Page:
Inside the AGM of Europe’s largest arms dealer
There are few companies with as many reasons to be ashamed as BAE Systems. As a company with a long history characterized by corruption, whitewashing and arms sales to tyrants, they are unquestionably one of the worst corporate citizens in the world.
As you can imagine, their AGM, hosted in a sterile and remote airbase outside Farnborough, was a surreal experience, to say the least. It was a long and often nauseating lesson in evasion, denial and downright fabrication. Proceedings began with an unusual and almost Orwellian speech from Carr, in which he claimed that Europe’s largest arms company works ‘for peace at home and abroad’, a claim which was rightfully met with shock, disbelief and derision from the floor.
You could be forgiven for thinking that perhaps Carr had misspoken, but it was a point he returned to throughout the subsequent questions from activists and shareholders.
Questions focused on BAE’s relationships with authoritarian regimes, including those in Bahrain, Libya and Saudi Arabia. There was particular focus on Saudi Arabia, the largest customer for British weaponry, where BAE has sold fighter jets, including the Eurofighter Typhoon, Tactica armoured personnel vehicles and missiles. BAE manufactured the armoured vehicles that were used by Saudi Arabia to support repression of peaceful protest in Bahrain.
Sir Roger (who corrected one questioner who ‘demoted’ him by merely referring to him as Mr Carr) said that he had thought a lot about the company’s relationship with the brutal Saudi regime before accepting his new role. One questioner said that she was shocked that he could have thought about the relationship and still taken the job. She pointed out that Saudi Arabia has been condemned by Freedom House, Human Rights Watch and the Economist Intelligence Unit, which listed it as the fifth most authoritarian regime in the world.
Carr justified arms sales to the regime on the basis that he believes Saudi Arabia to be a ‘country in transition’ and a ‘critical ally in defence terms, critical to world peace from our perspective’. While it may be true that there has been some limited degree of progress in some areas of Saudi society, there has also been an escalation of the crackdown against political opponents. Only last month the government passed a new ‘terrorism’ law that treats atheists and political dissidents as enemies of the state.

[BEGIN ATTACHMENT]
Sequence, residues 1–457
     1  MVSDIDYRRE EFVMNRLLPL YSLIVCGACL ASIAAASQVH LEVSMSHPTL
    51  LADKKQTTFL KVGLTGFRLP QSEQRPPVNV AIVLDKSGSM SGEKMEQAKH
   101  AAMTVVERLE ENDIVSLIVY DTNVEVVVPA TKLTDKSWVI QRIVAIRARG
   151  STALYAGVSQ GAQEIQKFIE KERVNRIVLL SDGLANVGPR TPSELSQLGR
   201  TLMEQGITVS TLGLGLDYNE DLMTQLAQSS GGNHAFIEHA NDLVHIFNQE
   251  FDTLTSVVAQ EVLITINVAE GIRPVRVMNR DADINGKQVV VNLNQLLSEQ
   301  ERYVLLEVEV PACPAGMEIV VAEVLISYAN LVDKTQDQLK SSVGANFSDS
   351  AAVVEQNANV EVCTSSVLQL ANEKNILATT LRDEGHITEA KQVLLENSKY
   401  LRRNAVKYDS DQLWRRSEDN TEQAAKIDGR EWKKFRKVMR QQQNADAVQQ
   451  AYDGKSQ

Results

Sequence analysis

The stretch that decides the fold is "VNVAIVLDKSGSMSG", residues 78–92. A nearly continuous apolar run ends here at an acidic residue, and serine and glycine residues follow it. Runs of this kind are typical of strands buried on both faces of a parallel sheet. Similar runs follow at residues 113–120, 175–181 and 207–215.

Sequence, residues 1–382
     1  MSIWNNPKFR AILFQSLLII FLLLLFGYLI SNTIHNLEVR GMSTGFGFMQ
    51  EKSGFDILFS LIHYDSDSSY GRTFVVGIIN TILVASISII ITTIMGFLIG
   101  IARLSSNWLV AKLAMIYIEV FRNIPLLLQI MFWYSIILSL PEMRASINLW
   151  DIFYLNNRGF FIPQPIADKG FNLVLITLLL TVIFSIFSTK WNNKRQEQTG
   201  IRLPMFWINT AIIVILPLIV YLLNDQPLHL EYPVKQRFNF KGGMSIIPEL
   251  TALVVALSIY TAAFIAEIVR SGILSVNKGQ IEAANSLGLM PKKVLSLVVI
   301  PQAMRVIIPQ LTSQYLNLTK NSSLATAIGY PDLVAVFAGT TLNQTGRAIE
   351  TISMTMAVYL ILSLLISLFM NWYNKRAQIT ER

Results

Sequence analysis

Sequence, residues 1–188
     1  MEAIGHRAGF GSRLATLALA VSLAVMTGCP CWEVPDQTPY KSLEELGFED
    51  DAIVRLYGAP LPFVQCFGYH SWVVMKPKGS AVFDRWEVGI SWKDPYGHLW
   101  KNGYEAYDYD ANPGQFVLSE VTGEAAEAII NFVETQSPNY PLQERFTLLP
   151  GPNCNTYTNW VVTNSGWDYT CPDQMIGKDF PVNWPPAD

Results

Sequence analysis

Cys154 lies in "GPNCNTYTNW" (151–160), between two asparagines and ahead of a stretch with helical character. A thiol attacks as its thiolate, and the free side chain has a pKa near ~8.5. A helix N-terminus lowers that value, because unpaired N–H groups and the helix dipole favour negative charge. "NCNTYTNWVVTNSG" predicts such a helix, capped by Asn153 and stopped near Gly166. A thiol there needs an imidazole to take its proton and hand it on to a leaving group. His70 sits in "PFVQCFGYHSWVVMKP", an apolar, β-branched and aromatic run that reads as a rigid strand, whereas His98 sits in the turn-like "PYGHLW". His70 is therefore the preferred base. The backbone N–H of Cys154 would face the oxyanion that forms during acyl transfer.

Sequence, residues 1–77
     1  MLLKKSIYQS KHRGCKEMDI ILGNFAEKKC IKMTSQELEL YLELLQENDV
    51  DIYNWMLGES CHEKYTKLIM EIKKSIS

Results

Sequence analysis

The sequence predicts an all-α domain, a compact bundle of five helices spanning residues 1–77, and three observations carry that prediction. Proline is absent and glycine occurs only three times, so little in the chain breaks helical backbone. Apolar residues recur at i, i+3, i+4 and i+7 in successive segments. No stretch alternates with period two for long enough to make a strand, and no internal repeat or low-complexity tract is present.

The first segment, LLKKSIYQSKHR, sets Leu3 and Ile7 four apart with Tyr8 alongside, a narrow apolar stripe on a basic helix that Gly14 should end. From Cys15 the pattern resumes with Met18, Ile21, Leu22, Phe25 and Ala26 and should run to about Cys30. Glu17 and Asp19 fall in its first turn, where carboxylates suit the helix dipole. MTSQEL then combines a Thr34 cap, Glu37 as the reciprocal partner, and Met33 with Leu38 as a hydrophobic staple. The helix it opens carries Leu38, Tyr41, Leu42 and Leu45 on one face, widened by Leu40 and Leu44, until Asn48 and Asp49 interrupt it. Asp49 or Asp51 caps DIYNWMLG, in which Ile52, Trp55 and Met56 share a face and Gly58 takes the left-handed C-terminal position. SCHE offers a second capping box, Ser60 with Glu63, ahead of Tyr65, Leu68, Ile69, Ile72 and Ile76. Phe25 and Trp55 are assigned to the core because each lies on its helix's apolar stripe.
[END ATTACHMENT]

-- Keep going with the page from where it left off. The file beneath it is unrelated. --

One point that Carr kept returning to is the fact that he is not a politician and that BAE does not make judgements about what countries are its allies. Even if we ignore the fact that the company puts considerable time, money and resources into lobbying politicians at home and abroad, it is hard to see it as a dispassionate bystander in conflict rather than a company that actively fuels and profits from it.
Time and again Carr stressed that BAE’s allies are the British government’s allies and that BAE only sells weapons to countries approved by the Britain under the existing arms export legislation. This may be the case, but that doesn’t mean that companies like BAE can simply absolve themselves of any responsibility for the consequences when they arm human rights abusers.
Where Carr is right is that BAE is only able to arm and strengthen these regimes due to a combination of support from the government and a lack of any meaningful arms controls. On that point, Carr said he was supportive of the Arms Trade Treaty, which should make its supporters question how strong it really is. If Britain is serious about ending the arms trade, with its dire consequences for peace and human rights, then it should immediately stop promoting arms exports and allowing companies like BAE to profit from conflict.
Upon leaving the meeting and re-entering the real world, we were treated to a sub-standard packed lunch and a shuttle bus back to the train station. What is clear is that Carr and the rest of the board has bought into its own propaganda and a world-view in which arming tyrants can bring peace and where the human consequences of war have nothing whatsoever to do with those who provide the weapons.
Andrew Smith is a spokesperson for Campaign Against Arms Trade.
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